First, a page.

The Cool, the Classic and the Collectible: Harvey Milk Remembered and Early Mikio Naruse
Plus James Mason in Algiers and more discoveries from Britain, Japan, Thailand and Italy
On the cult movie front, I review the Shout! Factory release of "Jackson County Jail / Caged Heat! – Double Feature" here and the bargain-priced box set of the films of Andy Sidaris—aka "Girls, Guns and G-Strings" (Mill Creek)—on Videodrone here. As for classier fare, read on…
"Silent Naruse (Eclipse Series 26)" (Criterion) - Only five for the two dozen silent films made by the Japanese director Mikio Naruse are known to exist today. This box set, from Criterion's budget-priced Eclipse imprint, features all five extant silents of this popular and influential director, spanning the years from 1931 to 1934: "Flunky, Work Hard (Koshiben ganbare)" (easily the greatest movie title to be found on DVD this week), "No Blood Relation (Nasanu naka)," "Apart from You (Kimi to wakarete)," "Every-Night Dreams (Yogoto no yume)" and "Street Without End (Kagirinaki hodo)." Five films in three discs in three thinpak cases in a paperboard slipsleeve, with no supplements beyond brief but excellent essays by Michael Koresky.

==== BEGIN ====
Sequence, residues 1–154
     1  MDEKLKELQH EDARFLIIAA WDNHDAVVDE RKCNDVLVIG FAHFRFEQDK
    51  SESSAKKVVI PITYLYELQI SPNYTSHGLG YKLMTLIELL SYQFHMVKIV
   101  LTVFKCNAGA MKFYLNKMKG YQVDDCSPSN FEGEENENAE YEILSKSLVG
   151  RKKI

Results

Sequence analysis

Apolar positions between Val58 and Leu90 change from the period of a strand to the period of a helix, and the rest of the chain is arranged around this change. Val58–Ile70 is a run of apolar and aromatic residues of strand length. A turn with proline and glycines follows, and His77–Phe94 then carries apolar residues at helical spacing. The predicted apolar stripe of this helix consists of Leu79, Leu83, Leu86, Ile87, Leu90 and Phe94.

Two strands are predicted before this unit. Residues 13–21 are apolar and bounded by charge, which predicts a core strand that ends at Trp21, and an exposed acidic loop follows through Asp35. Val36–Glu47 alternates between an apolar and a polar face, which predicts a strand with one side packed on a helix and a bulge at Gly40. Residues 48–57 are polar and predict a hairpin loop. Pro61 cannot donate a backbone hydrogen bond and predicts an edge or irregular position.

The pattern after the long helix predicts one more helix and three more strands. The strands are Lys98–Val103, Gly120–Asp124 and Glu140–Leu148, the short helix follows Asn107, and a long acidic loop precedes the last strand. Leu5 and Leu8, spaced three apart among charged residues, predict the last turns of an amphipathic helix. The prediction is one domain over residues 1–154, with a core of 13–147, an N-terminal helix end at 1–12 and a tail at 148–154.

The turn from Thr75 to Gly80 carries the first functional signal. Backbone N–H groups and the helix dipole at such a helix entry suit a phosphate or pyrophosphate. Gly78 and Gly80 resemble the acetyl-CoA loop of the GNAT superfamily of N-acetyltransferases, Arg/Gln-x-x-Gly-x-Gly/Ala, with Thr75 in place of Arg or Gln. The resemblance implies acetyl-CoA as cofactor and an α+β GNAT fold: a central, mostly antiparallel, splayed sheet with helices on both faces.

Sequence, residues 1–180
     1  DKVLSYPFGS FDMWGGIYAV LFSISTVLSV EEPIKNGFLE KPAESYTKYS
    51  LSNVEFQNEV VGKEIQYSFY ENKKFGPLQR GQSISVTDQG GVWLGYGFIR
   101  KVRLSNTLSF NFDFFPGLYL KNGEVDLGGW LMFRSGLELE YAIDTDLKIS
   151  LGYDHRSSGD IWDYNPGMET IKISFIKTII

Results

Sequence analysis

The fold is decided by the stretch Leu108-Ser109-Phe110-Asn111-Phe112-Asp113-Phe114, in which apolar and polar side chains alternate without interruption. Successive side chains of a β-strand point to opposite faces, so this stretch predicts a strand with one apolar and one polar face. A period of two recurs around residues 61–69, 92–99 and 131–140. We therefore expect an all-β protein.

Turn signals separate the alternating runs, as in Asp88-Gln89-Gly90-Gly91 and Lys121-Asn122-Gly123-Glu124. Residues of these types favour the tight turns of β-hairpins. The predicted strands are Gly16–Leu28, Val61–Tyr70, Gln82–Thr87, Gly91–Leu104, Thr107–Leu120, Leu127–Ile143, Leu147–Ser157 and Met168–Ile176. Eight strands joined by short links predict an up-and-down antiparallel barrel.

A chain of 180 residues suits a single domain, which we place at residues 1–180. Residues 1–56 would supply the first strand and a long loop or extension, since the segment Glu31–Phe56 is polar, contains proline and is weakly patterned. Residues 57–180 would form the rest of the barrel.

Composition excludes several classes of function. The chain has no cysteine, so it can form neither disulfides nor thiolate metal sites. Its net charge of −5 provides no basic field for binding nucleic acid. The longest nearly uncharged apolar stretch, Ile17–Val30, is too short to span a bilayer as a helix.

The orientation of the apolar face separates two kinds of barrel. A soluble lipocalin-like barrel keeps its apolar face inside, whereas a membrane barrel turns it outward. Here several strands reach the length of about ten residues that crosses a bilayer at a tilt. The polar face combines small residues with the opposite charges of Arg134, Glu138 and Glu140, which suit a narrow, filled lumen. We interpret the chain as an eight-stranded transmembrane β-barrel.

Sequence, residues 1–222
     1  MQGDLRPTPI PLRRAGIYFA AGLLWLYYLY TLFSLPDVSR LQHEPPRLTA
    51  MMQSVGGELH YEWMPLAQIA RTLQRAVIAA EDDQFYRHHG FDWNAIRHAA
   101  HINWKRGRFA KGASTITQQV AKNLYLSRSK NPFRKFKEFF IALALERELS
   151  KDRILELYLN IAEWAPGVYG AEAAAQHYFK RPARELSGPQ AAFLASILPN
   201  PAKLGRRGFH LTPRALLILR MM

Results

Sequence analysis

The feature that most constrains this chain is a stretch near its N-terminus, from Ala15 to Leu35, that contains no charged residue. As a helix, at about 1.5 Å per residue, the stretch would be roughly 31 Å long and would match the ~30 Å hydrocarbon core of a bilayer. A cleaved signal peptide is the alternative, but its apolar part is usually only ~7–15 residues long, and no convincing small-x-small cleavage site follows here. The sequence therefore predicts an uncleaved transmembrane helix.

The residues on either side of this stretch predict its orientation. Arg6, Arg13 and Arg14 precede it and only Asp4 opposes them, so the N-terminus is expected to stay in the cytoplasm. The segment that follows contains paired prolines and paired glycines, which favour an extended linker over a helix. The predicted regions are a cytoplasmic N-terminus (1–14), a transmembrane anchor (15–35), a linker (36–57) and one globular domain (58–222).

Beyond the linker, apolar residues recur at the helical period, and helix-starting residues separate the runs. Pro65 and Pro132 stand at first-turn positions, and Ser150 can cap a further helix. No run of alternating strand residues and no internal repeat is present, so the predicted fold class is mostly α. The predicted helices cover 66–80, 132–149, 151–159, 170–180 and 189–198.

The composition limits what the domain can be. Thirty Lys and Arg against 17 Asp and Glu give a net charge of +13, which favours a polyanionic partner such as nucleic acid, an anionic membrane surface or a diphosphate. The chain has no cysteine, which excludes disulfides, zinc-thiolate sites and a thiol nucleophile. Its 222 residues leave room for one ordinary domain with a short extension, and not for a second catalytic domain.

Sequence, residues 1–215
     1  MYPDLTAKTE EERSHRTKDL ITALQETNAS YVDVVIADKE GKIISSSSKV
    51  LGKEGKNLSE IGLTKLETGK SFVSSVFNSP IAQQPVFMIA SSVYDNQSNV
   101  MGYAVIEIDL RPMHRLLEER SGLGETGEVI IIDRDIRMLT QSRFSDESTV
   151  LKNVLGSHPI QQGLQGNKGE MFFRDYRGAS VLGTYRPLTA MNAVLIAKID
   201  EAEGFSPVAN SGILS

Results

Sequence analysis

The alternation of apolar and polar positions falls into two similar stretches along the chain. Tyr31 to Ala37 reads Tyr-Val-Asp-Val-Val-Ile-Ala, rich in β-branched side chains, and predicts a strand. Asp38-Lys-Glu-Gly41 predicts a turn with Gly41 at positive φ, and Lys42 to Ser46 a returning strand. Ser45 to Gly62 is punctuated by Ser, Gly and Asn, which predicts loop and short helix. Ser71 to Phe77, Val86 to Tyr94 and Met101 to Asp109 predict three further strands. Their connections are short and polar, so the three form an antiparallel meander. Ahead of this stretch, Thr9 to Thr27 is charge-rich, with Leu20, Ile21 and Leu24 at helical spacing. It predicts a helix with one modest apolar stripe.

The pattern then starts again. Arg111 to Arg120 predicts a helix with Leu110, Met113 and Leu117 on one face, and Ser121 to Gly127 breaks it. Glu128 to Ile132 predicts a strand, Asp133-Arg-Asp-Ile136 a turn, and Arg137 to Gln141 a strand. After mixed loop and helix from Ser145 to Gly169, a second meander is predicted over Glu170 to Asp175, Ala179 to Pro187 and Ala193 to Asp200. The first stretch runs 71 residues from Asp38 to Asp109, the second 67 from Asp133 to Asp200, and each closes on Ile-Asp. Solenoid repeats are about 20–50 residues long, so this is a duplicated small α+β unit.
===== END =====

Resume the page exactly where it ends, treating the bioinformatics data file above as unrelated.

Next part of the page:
The set arrived too late for me to review but Dave Kehr at the New York Times offers an excellent introduction to director Mikio Naruse ("a director many would place with Yasujiro Ozu and Kenji Mizoguchi at the summit of Japanese cinema") and survey of the films in this set, which he explains "represent the baby steps of a director still in search of a style and themes to call his own."
"What’s most striking about “Flunky, Work Hard” (1931), Naruse’s earliest surviving film, is how brash and jaunty much of it feels and how freewheeling its camerawork is," he begins. By the end of hisshort but substantial piece, I was ready to carve out time for the entire set. Click here to read the entire piece, and do it soon, before the NYT paywall goes up.
"The Times of Harvey Milk" (Criterion) - The Academy Award winning 1984 documentary, narrated by Harvey Fierstein, is a portrait of San Francisco Supervisor Harvey Milk, the first openly gay person elected to political office in San Francisco, and his murder by former colleague Dan White, who also shot San Francisco Mayor George Moscone and whose controversial trial (which introduced the “Twinkie defense”) and verdict divided the city. My esteemed colleague Glenn Erickson reviews the new release at DVD Savant.
The new "Director-approved" Criterion DVD and Blu-ray releases, digitally transfer from the UCLA Film and Television Archive restoration, feature commentary by director Robert Epstein, coeditor Deborah Hoffmann, and photographer Daniel Nicoletta and the original short documentary "Two Films, One Legacy," a 23-minute featurette that contrasts the portraits offered by this documentary and the 2008 feature "Milk." Also includes new and archival interviews (including over an hour of videotaped interviews conducted by the directors during their research), archival footage of Harvey Milk and historical events surrounding the murder and the remembrances in the aftermath, plus a booklet with essays on the film, the restoration and Harvey Milk himself.